I’m Paula Santolaya, reporting live for SANTOLIVE in my virtual reality. You can post your opinions, questions or tips in the comments section or email me at firstname.lastname@example.org.
A recent study by the Massachusetts Institute of Technology (MIT) has indicated that fake news are 70 percent more likely to be shared than the real ones. To reach this conclusion, 126,000 stories that were retweeted 4.5 million times by about 3 million people were examined on Twitter during the period from 2006 to 2017. The researchers found that while the truth reached only 1,000 people, the lie and the falsehood reached more than 10,000 Twitter users.
At first, the experts thought that those responsible for such phenomenon should be bots (computer programs capable of performing repetitive tasks automatically and imitate human behavior). However, the study showed that fake news spread faster by flesh and blood users than by automatic profiles. This high traffic of information occurred especially on issues related to politics, terrorism, natural disasters, science, urban legends or finance.
Since people were directly responsible for spreading fake news, the researchers considered that they came from Twitter accounts with an important influence on fans. However, to their surprise, the profiles had few followers!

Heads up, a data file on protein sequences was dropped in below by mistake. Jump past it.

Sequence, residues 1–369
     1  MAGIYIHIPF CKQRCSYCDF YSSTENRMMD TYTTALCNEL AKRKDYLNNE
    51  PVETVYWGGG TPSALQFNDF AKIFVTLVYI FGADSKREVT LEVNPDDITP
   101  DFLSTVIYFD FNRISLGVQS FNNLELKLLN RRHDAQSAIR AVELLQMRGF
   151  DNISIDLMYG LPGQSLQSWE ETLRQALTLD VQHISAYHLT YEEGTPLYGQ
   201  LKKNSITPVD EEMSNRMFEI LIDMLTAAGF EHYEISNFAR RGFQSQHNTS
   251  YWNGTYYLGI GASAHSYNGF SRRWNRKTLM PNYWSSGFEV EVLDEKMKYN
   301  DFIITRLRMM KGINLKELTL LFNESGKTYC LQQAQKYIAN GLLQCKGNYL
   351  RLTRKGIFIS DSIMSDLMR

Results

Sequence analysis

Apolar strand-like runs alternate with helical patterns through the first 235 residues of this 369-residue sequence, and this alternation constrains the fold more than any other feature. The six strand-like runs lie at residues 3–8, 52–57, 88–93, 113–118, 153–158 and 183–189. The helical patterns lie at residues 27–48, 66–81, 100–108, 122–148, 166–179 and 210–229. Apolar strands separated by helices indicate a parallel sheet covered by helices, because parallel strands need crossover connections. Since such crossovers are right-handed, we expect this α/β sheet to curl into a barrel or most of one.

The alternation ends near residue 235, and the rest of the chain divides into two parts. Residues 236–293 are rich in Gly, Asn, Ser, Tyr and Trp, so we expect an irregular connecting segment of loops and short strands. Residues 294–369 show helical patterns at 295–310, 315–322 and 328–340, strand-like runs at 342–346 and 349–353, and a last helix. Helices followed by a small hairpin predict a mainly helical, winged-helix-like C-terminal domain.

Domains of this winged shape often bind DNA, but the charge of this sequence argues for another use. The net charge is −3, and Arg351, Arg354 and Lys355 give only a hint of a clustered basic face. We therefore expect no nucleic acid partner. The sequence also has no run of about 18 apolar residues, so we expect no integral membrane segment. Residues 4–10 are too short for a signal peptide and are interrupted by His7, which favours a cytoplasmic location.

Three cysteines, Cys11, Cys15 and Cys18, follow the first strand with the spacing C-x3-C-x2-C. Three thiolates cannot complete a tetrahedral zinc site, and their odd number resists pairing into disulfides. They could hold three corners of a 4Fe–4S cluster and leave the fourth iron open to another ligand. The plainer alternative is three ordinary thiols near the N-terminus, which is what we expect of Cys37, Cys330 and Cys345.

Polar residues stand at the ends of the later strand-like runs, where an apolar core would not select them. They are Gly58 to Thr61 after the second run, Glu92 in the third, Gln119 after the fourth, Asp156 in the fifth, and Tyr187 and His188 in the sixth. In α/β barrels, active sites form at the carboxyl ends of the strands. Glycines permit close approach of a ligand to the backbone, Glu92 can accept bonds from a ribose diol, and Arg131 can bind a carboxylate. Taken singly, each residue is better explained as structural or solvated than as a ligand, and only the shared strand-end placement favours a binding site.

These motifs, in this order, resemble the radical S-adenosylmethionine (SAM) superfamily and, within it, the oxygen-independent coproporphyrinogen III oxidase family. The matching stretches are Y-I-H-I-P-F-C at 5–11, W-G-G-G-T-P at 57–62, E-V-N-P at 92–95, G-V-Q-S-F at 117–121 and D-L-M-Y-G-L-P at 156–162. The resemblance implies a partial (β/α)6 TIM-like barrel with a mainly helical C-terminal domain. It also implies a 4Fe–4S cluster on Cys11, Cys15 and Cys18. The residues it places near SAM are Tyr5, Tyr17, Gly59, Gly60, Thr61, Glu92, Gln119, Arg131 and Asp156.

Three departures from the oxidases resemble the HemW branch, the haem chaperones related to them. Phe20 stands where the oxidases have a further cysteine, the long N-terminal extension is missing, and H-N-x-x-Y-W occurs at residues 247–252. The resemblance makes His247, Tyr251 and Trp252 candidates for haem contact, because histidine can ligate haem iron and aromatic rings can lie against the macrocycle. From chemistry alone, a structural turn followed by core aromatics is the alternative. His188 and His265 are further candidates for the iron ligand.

So, why did these tweets spread so quickly? Soroush Vosoughi, researcher and main author of the publication, explained that the false information is newer because it contains data that users have not read ever before and also causes emotional reactions. Therefore, it seems that novelty and the element of surprise are the key to the virality of fake news.
After the publication of this study, platforms like Google, Twitter and Facebook are committed to finding new ways to help and teach people to reduce the exchange of deceptions and inaccurate information.
So the fault does not come from the bot itself, but from ourselves! How many times do our own friends and family bombard us with annoying chain messages? It’s time to guide users on how to identify fake news to ensure the good health of conversations on the Internet. How about we start with a pre-Google search before sending them?